As a player, Lowe was a dynamo, finishing her career first in Arizona history in stolen bases (156), second in batting average (.446) and fourth in hits (351) and triples (12). A center fielder, she is one of only six players in program history to be selected as a NFCA All-American in all four seasons and just the second to be named First-Team All-America in all four seasons along with Leah Braatz in 1994-95 and 1997-98.
After her legendary career on the diamond in Tucson, Lowe competed for Team USA, coached by Candrea, from 2005-08. There, she won a silver medal at the 2008 Beijing Olympics. Softball fans voted her to ESPN’s Greatest All-Time Softball Team in 2020.
“She’s been a rockstar everywhere,” Candrea said. “There was no doubt in my mind that she would be a great addition to our staff. (I) really became more and more impressed the more I watched her work. She’s a good leader, a good communicator. She’s got a great knowledge of the game, understands the game very well and (has) just a really good approach with young kids. So it was kind of a win-win…”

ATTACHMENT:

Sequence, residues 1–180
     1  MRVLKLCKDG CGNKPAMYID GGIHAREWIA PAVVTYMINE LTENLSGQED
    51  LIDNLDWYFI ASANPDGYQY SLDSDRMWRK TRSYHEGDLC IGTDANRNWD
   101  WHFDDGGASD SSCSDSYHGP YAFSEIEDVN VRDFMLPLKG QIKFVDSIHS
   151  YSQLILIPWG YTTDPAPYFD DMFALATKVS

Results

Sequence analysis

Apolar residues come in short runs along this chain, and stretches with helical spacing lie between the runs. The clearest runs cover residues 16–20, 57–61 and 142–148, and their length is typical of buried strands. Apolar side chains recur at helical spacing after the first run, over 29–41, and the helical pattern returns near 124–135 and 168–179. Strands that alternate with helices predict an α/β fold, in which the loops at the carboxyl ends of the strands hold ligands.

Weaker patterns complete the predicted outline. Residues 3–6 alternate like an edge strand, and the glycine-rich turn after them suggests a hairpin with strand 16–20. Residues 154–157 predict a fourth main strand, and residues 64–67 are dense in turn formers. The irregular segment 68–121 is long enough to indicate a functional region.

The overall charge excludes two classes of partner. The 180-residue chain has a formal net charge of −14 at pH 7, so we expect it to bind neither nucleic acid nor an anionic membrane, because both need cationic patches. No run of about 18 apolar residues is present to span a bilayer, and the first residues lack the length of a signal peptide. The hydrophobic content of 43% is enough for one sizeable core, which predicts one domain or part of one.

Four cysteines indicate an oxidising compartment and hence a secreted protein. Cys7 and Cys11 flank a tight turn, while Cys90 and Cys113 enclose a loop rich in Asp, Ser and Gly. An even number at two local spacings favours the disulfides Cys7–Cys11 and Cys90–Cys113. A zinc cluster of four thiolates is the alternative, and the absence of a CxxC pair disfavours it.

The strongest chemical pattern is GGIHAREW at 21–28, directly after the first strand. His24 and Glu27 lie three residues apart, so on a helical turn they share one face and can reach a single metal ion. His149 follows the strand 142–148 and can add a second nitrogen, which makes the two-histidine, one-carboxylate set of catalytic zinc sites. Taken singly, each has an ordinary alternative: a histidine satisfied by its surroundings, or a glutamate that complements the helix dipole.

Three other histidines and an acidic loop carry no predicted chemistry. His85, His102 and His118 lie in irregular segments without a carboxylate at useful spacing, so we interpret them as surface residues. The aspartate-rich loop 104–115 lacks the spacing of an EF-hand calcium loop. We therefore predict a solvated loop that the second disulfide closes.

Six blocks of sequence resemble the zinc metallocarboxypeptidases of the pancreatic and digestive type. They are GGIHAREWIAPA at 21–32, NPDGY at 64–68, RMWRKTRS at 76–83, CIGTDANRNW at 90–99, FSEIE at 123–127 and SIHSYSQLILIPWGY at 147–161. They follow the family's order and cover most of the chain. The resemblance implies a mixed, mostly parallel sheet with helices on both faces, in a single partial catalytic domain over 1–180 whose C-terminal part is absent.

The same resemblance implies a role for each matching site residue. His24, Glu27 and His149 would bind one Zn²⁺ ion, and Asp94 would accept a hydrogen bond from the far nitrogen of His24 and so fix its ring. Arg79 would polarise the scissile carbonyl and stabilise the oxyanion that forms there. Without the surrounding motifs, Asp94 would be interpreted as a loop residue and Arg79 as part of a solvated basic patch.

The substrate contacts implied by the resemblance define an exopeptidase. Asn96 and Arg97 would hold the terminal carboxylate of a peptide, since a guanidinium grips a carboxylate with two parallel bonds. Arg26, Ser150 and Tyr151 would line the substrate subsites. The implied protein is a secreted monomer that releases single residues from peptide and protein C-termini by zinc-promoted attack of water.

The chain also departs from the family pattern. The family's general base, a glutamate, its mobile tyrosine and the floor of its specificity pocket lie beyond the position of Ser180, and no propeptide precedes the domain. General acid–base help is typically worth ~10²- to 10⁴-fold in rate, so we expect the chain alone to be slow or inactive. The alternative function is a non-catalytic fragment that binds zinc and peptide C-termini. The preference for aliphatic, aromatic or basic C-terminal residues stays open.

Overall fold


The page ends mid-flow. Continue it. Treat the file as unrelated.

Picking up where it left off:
Lowe, 37, credits Candrea for being a great role model and preparing her for this opportunity.
“You don’t have to really be mentored under him because he leads by example,” she said. “I think that’s the biggest thing, is he doesn’t have to tell you what to do or teach you how to do it. You’re just watching it in real-life form every single day, and I think pretty much anyone who’s worked for him can say that.”
Even though the Wildcats have a new head coach for the first time in nearly four decades, Lowe expects to continue the same traditions and philosophies that Candrea introduced when he first arrived on campus.